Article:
Russian forces launched attacks on civilian sites in Kyiv on Tuesday, including Kyiv TV tower and the city's Babi Yar Holocaust Memorial, killing at least five and wounding several others, according to Ukrainian officials.

Experts Hoped Ukraine Would Score A Quick Victory Against Russia. Now They’re Predicting A Long War

Micaela Burrow 

As Ukrainian casualties mount and Russia makes incremental gains in the Donbas region, military affairs experts and officials have begun to adopt a more long-term view of the Russia-Ukraine conflict.

While Russia bombards cities in eastern Ukraine with thousands of rounds of artillery, the outnumbered Ukrainian army counters with a depleting ammunition stockpile, losing up to 200 troops each day. Some experts initially predicted the war would conclude in a matter of months with a peace agreement or decisive victory, but now they anticipate the war will extend at least six more months, according to CNN.

“We just have to be prepared for the long haul,” NATO chief Jens Stoltenberg said at a White House briefing on June 2. “This war has now become a war of attrition.”

Pundits claimed Russia would soon lose too many resources, including troops, tanks, and military-grade trucks to sustain a long-term war effort barely a month after it invaded. Now some say the opposite.

“The strategies and tactics of the Russians are completely different right now. They are being much more successful,” Oleksandr V. Danylyuk, an adviser to the Ukrainian government for defense and intelligence, told The Washington Post.

By concentrating the main war effort on the Donbas, Russian troops benefit from shorter logistics chains bringing in supplies and reinforcements from Russia and a numbers advantage over Ukrainian troops, according to The Guardian. Tactics have changed too, with Russian forces focusing on smaller encirclements around Ukrainian units and overwhelming artillery fire.

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Russia’s poor battle tactics, logistical troubles and low troop morale, combined with better-than-expected Ukrainian performance at the beginning of the crisis surprised many Western analysts, Lt. Col. Alex Vershinin wrote for the Modern War Institute. Even Ukrainian officials were optimistic; adviser to Zelenskyy’s chief of staff Oleksiy Arestovich predicted a peace agreement in mid-May, Newsweek reported.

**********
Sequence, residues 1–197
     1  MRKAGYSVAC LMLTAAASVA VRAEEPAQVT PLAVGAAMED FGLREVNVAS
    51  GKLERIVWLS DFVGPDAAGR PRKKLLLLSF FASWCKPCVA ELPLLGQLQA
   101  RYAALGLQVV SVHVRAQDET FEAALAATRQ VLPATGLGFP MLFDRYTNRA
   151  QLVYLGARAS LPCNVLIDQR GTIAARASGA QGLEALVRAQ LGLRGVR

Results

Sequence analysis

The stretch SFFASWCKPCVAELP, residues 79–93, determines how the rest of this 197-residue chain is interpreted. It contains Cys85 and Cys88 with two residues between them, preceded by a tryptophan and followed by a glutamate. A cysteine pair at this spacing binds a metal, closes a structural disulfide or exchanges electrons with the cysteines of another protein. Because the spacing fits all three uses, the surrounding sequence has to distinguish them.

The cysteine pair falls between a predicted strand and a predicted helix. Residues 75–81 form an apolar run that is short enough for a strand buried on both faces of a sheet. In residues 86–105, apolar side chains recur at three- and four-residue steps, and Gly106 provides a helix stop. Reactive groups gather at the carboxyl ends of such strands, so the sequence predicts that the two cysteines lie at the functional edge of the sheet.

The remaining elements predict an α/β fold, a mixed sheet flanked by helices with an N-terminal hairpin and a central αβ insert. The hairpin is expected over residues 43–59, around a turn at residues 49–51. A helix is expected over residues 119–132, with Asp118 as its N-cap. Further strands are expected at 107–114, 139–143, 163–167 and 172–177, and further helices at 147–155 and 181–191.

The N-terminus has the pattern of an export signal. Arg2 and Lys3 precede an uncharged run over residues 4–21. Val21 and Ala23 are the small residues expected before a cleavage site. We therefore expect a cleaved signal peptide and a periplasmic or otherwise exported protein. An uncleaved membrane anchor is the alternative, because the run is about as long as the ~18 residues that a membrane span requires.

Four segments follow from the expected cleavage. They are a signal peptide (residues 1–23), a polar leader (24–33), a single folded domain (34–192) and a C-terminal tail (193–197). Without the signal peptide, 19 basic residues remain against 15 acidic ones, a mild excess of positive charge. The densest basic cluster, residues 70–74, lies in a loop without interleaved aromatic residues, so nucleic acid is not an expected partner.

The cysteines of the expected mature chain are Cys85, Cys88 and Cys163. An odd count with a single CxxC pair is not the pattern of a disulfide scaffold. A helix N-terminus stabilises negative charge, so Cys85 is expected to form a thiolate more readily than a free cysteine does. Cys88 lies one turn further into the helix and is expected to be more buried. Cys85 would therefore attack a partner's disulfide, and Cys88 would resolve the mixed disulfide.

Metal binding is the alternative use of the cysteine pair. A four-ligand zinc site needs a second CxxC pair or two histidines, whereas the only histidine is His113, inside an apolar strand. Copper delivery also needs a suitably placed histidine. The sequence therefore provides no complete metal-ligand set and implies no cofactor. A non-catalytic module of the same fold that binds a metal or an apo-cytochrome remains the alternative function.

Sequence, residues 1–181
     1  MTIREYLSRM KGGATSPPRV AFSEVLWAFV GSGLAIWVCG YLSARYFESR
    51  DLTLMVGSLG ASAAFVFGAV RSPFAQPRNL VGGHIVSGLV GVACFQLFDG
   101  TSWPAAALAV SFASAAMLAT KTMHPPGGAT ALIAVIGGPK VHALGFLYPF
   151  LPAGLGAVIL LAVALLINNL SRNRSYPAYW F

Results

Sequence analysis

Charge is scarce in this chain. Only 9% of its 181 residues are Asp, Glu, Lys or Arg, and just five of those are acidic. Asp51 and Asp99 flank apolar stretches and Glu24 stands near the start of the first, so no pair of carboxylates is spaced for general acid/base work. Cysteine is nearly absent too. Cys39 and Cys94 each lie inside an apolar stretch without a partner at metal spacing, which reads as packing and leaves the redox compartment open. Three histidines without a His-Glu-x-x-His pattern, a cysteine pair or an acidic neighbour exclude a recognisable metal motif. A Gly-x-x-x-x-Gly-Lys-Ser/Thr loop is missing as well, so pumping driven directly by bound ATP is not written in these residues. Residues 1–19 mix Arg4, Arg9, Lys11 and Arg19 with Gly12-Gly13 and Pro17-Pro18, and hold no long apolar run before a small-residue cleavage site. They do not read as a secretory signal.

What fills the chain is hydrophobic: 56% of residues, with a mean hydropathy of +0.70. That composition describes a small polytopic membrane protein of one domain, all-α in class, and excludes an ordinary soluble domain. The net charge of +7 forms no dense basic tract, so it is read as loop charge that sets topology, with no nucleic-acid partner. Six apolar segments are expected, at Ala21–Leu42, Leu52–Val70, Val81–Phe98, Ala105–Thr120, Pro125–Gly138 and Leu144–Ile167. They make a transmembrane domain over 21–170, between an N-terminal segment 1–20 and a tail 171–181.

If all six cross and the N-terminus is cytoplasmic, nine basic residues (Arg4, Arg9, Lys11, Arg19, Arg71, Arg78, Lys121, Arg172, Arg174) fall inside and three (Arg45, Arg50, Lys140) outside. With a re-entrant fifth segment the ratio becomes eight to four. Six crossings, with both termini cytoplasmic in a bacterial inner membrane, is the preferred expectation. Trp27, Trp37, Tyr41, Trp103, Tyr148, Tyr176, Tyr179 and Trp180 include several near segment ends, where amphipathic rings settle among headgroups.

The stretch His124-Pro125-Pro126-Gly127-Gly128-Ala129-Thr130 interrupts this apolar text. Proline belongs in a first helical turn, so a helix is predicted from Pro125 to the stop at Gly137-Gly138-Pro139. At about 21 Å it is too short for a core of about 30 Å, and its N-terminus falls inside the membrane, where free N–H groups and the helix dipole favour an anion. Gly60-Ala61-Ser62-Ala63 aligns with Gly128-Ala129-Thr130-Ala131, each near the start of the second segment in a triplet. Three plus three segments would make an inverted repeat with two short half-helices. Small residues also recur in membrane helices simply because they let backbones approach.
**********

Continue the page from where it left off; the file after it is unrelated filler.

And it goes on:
Francis Fukuyama, a renowned political scientist, said Russia was “heading for an outright defeat” in an essay published March 10 in American Purpose.

“The collapse of their position could be sudden and catastrophic, rather than happening slowly through a war of attrition. The army in the field will reach a point where it can neither be supplied nor withdrawn, and morale will vaporize,” he said.

Retired Lt. Gen. Ben Hodges, a researcher at the Center for European Policy Analysis, wrote on March 15 that “Russia’s effort to conquer Ukraine may culminate within the next 10 days” due to its military challenges and the possibility of debt default in the wake of Western sanctions.

Hodges later clarified to The Daily Caller News Foundation that his comment “was quite specific to the Russian attack in the north towards Kyiv … their attack culminated and they had to withdraw.”

U.S. perceptions of Ukraine’s ability to withstand a war with Russia were negative leading up to the invasion, Viktor Kovlenko, a former Ukrainian journalist and soldier, told TheDCNF.

“That is why as a former Ukraine serviceman I began tweeting to try to change such pessimistic perceptions of Ukraine in the West,” he explained.

Ukraine’s ultimate success in the war depends on the number of weapons and other assistance from the West and the speed at which it is delivered, experts told TheDCNF.

“At this moment, there is a race between Russia which is boosting its combat capabilities and correcting mistakes, and the West which is re-arming Ukraine to let the victim kick the invader out,” said Kovalenko. “The side that will upgrade its own capabilities faster, will decide how this war will end.”

The United States has allocated over $54 billion in aid to Ukraine thus far and announced an additional $1.2 billion aid package Wednesday.

“I remain optimistic, assuming that we, the West, deliver all we have said we’re going to deliver,” said Hodges.

“War is a test of wills and a test of logistics. Ukraine has the superior will, and their logistical situation will improve in the coming weeks,” he added.

Fukuyama directed TheDCNF to an upcoming blog post when asked for comments. Oleksiy Arestovich could not be reached for comment.

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